The Friesian Horse
The Friesian horse is always pure black, although a small white star or snip on the lip is sometimes seen. The head is long and refined with small, alert ears. The body is compact and round-barreled, and has sturdy legs with feathering. The horse ranges in height from 15 to 16.3 hands.
The Friesian horse takes its name from Friesland, one of the northernmost provinces of the Netherlands. The Friesian is one of Europe's oldest breeds and its lineage has been traced back nearly 3,000 years to the ancient horse, Equus Robustus. It is from this heavy horse that the Friesian takes its draft horse characteristics.
Before the Reformation, the blood of West German and Andalusian horses was bred into the horse by monks of the Friesian monasteries. This infusion streamlined the breed and gave the Friesian horse a greater grace and refinement, and established the horse's high-stepping gait.
During the early 1600s, the Friesian was valued by medieval nobility as a weight-carrying saddle horse. Armored knights favored him for his strength and agility when going into battle.
During the eighteenth and nineteenth centuries, the Friesian was bred to produce a lighter trotting horse for pulling carriages. Cross-breeding diluted the breed, and in 1913, there were only three purebred stallions alive. The heroic actions of some Dutch farmers allowed the breed to survive, and today there are 850 purebred Friesians in North America.
Although the Friesian horse is renowned for its elegant black coat, high-stepping action, proud carriage, and luxurious mane and tail, perhaps his most endearing qualities are a sweet, gentle temperament and a willing and honest attitude.
All purebred Friesian horses are registered under the Friesian Stamboek (FPS) system, which is managed by the Dutch government. Dutch inspectors travel all over the world each year making assessments of the Friesian horses. All changes in pedigree are registered with the central office in the Netherlands. Each fall, the inspectors come to the United States.
The Friesian horses are shown to the inspectors in a bridle or halter. They are presented "in hand" with one person leading the horse and another person following to encourage the horse to move well. The horse is walked for one lap and then trotted for one lap along a triangle-shaped track. This format allows the inspectors to best see the horse from all angles and observe its conformation and action. Foals are shown alongside their dams. After examining the horse, the inspectors give their assessments of the horse and bestow any awards they deem appropriate.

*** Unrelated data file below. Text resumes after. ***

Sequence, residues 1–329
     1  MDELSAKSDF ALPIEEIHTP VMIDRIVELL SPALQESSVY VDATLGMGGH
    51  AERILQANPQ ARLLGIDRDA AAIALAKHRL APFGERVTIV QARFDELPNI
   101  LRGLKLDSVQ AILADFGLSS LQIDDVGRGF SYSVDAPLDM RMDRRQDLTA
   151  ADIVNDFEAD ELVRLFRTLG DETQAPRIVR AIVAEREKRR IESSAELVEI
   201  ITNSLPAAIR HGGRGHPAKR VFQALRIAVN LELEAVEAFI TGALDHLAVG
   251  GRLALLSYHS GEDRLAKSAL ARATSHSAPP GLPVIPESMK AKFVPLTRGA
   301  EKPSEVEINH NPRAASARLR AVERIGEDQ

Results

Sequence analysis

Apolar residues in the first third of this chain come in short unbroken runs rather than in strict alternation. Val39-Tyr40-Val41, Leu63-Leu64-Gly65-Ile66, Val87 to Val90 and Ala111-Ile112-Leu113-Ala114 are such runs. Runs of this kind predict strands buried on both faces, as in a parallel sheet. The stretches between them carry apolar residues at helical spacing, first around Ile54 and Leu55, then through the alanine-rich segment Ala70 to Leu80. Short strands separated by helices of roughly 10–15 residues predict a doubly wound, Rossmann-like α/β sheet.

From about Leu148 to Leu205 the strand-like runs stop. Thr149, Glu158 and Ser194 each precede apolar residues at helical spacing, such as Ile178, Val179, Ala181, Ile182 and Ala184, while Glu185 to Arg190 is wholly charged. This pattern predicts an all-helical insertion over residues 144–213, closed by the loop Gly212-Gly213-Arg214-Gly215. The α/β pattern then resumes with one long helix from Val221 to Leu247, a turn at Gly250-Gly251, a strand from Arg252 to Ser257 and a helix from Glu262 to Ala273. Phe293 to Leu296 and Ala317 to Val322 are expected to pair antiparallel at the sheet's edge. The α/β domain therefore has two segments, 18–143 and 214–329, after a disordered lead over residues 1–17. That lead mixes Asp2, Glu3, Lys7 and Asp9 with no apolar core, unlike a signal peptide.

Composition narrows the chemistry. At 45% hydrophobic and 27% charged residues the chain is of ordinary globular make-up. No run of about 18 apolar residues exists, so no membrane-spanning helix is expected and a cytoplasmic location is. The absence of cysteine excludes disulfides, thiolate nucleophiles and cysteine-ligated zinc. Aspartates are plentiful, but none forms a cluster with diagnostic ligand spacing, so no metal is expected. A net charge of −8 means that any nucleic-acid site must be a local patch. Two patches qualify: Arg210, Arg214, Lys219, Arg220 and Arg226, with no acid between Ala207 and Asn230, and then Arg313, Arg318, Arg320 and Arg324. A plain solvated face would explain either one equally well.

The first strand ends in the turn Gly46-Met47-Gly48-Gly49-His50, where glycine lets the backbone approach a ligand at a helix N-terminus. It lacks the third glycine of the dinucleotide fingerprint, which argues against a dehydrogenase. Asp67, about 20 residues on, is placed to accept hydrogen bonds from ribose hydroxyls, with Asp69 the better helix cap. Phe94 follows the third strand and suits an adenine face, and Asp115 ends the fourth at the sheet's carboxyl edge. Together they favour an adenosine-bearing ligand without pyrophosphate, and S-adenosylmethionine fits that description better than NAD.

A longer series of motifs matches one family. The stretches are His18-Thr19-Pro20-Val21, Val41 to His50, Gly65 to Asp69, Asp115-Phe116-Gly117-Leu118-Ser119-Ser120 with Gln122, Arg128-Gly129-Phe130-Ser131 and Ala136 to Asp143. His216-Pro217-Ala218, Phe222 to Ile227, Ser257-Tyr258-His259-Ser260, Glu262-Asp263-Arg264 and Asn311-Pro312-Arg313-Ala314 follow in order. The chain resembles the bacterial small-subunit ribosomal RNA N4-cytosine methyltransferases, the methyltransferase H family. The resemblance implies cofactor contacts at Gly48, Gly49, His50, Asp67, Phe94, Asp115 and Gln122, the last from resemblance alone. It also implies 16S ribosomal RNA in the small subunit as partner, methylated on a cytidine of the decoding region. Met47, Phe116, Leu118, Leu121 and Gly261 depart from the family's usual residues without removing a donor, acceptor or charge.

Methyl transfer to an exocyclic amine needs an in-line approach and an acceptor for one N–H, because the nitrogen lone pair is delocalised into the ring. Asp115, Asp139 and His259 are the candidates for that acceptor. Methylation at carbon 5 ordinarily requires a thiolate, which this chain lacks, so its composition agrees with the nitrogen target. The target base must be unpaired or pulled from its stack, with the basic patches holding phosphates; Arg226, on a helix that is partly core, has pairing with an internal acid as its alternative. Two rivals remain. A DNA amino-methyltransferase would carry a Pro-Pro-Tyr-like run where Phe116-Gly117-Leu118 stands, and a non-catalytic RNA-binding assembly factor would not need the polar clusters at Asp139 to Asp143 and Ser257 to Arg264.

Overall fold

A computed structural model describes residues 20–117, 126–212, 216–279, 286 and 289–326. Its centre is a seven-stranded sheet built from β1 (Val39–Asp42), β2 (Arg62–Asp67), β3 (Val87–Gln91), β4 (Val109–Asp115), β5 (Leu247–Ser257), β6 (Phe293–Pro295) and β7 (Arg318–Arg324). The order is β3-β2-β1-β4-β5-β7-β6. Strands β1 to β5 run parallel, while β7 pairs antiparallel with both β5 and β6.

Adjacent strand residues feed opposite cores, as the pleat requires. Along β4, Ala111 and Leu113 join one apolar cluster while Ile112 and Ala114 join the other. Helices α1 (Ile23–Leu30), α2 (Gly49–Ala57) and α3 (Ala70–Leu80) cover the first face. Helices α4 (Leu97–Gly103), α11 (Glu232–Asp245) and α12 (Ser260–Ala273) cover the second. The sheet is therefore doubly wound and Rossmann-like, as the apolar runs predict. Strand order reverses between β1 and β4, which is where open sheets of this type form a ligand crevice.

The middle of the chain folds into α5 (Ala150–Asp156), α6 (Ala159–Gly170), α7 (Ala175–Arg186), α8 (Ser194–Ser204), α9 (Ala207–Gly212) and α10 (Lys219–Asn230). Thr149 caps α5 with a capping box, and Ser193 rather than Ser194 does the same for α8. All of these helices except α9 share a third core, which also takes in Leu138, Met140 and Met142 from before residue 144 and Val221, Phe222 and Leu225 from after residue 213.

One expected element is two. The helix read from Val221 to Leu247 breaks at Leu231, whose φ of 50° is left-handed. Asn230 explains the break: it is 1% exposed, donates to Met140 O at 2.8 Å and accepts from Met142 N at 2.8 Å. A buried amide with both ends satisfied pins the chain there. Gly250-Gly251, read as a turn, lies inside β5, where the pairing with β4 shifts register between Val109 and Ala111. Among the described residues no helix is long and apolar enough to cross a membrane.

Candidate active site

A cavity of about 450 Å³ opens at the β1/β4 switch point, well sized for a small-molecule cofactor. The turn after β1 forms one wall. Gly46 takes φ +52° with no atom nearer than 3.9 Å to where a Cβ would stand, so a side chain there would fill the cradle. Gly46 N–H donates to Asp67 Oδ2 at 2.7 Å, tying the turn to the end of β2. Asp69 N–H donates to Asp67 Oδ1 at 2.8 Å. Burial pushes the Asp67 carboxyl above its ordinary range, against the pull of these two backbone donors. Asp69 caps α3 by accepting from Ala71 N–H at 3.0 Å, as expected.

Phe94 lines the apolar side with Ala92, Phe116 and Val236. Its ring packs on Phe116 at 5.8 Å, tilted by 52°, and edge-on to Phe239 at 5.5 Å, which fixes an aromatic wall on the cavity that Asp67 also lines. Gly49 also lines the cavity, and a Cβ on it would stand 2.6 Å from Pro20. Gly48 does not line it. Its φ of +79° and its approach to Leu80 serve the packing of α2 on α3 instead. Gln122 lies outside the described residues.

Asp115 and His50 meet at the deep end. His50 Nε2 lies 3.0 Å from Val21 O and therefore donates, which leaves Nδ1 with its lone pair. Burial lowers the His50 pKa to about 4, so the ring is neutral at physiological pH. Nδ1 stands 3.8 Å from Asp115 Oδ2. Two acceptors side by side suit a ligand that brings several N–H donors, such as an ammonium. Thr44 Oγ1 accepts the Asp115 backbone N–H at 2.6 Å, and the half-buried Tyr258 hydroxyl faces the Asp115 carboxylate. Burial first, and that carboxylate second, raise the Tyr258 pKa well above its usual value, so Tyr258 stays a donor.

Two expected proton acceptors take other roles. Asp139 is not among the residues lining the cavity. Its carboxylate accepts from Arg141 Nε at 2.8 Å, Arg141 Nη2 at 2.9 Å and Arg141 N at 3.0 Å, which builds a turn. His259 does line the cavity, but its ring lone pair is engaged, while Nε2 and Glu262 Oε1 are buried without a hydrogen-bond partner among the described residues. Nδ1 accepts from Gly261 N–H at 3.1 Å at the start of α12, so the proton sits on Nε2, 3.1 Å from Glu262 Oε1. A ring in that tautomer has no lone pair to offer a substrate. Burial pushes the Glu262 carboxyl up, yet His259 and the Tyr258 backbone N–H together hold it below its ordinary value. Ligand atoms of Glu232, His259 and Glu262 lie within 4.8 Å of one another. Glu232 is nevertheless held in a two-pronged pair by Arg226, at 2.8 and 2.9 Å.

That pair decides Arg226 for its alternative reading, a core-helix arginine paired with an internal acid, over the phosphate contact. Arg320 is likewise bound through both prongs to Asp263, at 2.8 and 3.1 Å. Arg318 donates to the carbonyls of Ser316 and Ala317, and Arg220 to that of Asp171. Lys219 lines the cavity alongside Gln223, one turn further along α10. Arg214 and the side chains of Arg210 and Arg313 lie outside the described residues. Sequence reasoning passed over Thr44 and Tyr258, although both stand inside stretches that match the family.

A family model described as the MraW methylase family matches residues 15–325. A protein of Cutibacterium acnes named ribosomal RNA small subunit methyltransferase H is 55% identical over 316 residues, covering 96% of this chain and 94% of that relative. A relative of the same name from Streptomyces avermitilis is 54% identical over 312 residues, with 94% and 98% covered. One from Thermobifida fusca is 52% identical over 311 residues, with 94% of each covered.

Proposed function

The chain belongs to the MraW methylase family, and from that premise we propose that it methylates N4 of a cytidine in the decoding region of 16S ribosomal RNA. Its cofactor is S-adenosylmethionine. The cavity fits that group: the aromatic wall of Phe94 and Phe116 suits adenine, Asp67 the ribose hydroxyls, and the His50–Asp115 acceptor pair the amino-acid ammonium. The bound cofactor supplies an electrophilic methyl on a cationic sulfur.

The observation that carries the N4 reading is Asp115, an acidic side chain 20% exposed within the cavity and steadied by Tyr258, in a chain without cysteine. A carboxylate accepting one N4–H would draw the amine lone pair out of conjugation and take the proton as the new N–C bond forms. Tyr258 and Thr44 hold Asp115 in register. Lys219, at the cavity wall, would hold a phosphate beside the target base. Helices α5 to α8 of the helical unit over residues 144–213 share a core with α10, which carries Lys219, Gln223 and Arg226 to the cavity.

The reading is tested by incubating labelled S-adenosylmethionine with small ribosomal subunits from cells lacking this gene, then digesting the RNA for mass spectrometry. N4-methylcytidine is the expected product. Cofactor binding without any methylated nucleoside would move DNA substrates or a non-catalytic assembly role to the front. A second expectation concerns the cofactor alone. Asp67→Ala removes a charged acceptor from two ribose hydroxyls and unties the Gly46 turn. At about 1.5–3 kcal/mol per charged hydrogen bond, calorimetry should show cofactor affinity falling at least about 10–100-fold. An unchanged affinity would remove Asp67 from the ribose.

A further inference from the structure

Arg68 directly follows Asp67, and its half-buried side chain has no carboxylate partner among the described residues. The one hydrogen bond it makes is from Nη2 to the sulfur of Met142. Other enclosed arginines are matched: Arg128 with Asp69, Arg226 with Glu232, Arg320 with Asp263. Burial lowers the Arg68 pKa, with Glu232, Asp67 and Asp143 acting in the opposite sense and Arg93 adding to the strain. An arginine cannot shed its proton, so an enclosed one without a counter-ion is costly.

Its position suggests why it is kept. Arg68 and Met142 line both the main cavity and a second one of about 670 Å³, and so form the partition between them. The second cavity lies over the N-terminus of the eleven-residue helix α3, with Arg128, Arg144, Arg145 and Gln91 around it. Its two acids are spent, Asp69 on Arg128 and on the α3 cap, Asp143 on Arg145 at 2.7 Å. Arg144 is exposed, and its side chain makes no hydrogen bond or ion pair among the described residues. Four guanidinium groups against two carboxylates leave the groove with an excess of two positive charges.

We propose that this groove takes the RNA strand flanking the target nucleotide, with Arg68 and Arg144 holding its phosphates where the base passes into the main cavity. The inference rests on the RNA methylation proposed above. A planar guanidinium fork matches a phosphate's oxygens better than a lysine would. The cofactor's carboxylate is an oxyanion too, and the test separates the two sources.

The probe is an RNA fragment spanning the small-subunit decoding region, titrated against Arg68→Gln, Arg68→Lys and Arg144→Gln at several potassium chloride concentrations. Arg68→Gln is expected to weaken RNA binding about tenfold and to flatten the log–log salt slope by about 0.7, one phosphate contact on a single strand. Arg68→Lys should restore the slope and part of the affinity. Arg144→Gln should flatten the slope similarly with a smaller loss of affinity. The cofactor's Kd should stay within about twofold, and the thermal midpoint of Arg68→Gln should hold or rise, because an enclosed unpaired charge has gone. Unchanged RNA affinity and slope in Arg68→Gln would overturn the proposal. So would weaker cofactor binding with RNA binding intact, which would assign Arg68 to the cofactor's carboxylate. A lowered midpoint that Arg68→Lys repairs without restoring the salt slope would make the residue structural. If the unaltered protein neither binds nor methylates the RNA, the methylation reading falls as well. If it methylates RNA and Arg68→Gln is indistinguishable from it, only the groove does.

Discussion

At birth, each Friesian horse is entered into the Veulenboek (Foal Book) and given a foal number. The inspectors, after viewing the foal alongside its dam, tattoo a registration number underneath the foal's tongue for identification purposes. At this time, the young horse may receive a First, Second or Third Premie (Premium Award).
When mares are three years old, they are eligible to be entered into the mare registry. Upon acceptance by the inspectors, the mare is given a brand in the shape of an "F" on the left side of the neck. If the mare is of excellent quality, she may be given the designation of "Ster" (or "Star") and an "S" will be branded on her neck next to the"F".
A few exceptionally fine mares are given the designation of Model. Model mare candidates are presented to the inspectors when they are between four and six years old. They must first be Star mares and must be at least 1.58 meters tall to qualify. In addition to designations of Ster and Model, a mare may be deemed preferred (or "Preferent") if they produce superior-quality foals. Model mares are so rare that there are only two in North America!
Under the rules of the Friesian Horse Association, only stallions approved and qualified by the association are permitted to breed mares. Currently, there are only eight qualified stallions in the United States. Hence, much of the Friesian horse breeding is done via artificial insemination.
A candidate stallion to be considered for qualification must be sired by a qualified stallion and be out of a Star or Model mare, stand at least 1.58 meters at 2-1/2 years and 1.60 meters at 3-1/2 years. The candidate's lineage is closely scrutinized and any ancestors found to have any white markings on the legs automatically put the candidate stallion out of the running. The stallion candidates must also show exemplary performance driving and under saddle and must undergo rigorous tests of their character and manners. Even his mother's disposition is considered! In fact, the inspectors are so careful in their selection of qualified stallions that there are only about 50 Friesian stallions in the entire world qualified to breed.